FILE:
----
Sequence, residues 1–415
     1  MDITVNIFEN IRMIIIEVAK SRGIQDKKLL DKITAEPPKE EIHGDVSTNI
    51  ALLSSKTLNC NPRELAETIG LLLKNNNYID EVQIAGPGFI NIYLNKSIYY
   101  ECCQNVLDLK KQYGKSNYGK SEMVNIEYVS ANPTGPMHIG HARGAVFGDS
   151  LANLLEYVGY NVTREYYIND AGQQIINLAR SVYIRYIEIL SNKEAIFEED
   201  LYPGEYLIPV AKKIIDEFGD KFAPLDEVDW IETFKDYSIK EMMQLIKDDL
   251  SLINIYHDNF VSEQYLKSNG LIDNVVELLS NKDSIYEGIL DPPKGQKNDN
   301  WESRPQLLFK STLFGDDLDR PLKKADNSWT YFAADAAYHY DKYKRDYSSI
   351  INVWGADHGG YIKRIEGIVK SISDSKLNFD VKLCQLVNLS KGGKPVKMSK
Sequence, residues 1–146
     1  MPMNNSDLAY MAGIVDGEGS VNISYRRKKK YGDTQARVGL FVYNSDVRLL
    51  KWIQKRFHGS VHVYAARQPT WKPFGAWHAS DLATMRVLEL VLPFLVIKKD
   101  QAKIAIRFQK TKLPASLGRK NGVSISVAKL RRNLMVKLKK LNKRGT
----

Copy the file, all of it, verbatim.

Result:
Sequence, residues 1–415
     1  MDITVNIFEN IRMIIIEVAK SRGIQDKKLL DKITAEPPKE EIHGDVSTNI
    51  ALLSSKTLNC NPRELAETIG LLLKNNNYID EVQIAGPGFI NIYLNKSIYY
   101  ECCQNVLDLK KQYGKSNYGK SEMVNIEYVS ANPTGPMHIG HARGAVFGDS
   151  LANLLEYVGY NVTREYYIND AGQQIINLAR SVYIRYIEIL SNKEAIFEED
   201  LYPGEYLIPV AKKIIDEFGD KFAPLDEVDW IETFKDYSIK EMMQLIKDDL
   251  SLINIYHDNF VSEQYLKSNG LIDNVVELLS NKDSIYEGIL DPPKGQKNDN
   301  WESRPQLLFK STLFGDDLDR PLKKADNSWT YFAADAAYHY DKYKRDYSSI
   351  INVWGADHGG YIKRIEGIVK SISDSKLNFD VKLCQLVNLS KGGKPVKMSK
Sequence, residues 1–146
     1  MPMNNSDLAY MAGIVDGEGS VNISYRRKKK YGDTQARVGL FVYNSDVRLL
    51  KWIQKRFHGS VHVYAARQPT WKPFGAWHAS DLATMRVLEL VLPFLVIKKD
   101  QAKIAIRFQK TKLPASLGRK NGVSISVAKL RRNLMVKLKK LNKRGT